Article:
22 January 2010
A cross-domain policy file is an XML document that grants a web client—such as Adobe Flash Player, Adobe Reader, etc.—permission to handle data across multiple domains. When a client hosts content from a particular source domain and that content makes requests directed towards a domain other than its own, the remote domain would need to host a cross-domain policy file that grants access to the source domain, allowing the client to continue with the transaction. Policy files grant read access to data, permit a client to include custom headers in cross-domain requests, and are also used with sockets to grant permissions for socket-based connections.
For complete details, download the cross-domain policy file specification below. The specification is a reference for the structure and use of cross-domain policy files. This information can be used by developers and content providers to make sure their applications and servers conform to the rules set forth by policy files defined in this manner.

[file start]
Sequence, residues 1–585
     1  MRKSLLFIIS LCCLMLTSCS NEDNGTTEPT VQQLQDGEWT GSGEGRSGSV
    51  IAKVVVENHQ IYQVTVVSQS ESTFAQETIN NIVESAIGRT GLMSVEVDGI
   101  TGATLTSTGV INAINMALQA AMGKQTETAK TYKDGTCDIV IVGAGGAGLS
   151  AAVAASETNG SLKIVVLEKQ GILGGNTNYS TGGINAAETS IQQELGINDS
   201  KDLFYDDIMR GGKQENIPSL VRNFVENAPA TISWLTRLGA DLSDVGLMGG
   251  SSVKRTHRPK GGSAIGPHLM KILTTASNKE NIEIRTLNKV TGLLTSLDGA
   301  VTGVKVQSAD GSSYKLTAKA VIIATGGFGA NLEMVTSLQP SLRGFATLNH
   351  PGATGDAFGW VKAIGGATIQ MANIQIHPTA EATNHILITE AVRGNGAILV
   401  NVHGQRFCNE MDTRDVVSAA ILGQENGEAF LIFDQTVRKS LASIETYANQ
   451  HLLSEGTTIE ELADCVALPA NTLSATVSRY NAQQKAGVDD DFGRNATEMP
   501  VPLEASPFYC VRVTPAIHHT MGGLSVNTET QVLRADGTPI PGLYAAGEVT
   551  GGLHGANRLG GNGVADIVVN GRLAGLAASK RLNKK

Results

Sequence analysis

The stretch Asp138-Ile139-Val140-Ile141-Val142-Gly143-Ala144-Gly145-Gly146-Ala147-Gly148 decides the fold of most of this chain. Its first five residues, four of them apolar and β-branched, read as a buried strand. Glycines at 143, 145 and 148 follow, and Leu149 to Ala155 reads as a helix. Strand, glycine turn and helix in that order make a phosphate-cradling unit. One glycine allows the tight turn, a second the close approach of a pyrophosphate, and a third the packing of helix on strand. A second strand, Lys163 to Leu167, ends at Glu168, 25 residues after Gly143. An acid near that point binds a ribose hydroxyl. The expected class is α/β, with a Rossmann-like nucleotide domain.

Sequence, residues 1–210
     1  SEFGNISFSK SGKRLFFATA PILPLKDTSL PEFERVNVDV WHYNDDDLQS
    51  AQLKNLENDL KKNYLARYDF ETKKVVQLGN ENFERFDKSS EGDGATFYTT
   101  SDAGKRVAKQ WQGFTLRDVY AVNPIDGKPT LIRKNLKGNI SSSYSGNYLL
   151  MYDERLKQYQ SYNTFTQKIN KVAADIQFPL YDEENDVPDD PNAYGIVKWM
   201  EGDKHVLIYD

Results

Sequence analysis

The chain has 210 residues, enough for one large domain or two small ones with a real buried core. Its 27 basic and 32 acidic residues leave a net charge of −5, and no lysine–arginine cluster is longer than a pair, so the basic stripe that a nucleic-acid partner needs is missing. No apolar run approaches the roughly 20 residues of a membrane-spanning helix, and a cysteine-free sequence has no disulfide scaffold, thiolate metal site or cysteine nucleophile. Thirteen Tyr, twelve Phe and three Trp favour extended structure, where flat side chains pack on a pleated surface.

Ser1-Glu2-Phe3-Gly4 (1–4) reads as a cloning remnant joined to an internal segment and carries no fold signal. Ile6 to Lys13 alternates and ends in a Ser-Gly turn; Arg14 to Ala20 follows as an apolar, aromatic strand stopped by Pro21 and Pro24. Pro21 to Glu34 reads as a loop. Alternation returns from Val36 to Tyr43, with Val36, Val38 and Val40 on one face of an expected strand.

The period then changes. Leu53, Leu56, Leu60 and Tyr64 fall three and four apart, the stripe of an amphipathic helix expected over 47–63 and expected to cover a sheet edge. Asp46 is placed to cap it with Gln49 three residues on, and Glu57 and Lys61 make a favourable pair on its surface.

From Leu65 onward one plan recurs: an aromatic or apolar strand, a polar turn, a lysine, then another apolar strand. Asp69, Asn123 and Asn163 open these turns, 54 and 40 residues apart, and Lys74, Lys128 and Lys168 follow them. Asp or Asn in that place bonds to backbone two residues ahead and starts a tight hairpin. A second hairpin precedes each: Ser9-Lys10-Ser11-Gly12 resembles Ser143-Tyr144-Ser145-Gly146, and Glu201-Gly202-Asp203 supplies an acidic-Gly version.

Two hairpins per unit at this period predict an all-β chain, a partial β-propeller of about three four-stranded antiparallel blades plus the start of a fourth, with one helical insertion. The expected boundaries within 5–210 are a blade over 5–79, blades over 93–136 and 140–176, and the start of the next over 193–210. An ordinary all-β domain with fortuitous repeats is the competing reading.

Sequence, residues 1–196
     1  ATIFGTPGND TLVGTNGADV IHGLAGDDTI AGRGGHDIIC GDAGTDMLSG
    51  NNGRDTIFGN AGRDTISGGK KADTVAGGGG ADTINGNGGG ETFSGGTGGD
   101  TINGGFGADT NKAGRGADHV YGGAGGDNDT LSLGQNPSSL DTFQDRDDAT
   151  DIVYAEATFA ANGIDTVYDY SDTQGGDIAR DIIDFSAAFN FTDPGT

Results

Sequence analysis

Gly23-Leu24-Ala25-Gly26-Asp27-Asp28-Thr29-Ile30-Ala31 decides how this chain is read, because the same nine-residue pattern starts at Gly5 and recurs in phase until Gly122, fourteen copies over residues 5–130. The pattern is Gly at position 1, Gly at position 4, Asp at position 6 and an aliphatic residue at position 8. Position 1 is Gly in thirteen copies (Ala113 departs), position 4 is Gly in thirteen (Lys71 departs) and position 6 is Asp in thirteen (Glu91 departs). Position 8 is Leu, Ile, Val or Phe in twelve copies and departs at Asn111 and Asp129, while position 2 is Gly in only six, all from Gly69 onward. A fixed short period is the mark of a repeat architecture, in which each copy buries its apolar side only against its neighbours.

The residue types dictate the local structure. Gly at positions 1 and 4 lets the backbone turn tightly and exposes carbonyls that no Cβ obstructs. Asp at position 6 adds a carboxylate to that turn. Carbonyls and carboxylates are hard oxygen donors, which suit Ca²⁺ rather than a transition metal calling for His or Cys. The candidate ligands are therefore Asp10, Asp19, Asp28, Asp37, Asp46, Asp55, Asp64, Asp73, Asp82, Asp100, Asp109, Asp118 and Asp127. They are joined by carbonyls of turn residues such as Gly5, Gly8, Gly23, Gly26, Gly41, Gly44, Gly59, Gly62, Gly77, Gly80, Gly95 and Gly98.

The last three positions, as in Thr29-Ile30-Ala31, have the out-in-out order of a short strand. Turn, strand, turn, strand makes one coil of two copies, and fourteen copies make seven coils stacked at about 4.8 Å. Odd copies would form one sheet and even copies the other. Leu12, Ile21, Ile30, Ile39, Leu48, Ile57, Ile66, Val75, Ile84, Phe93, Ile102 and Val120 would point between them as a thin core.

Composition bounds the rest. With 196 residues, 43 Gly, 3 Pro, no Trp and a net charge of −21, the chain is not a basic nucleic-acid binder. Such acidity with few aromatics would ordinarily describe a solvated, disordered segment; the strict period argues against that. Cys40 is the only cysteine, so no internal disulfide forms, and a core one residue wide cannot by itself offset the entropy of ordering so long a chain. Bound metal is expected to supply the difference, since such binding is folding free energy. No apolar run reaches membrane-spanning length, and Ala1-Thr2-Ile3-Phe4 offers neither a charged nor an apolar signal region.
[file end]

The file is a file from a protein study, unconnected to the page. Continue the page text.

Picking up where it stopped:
Read the specification:
Schemas describe the structure of a document. The cross-domain policy file schema is available as DTD (Document Type Definition) or XSD (XML Schema Definition). XSDs are available to define the generic policy file schema, as well as each different type of policy file (either HTTP, HTTPS, FTP, or Socket) since policy files hosted in each of those contexts are slightly different. Table 1 lists all available schemas for policy files.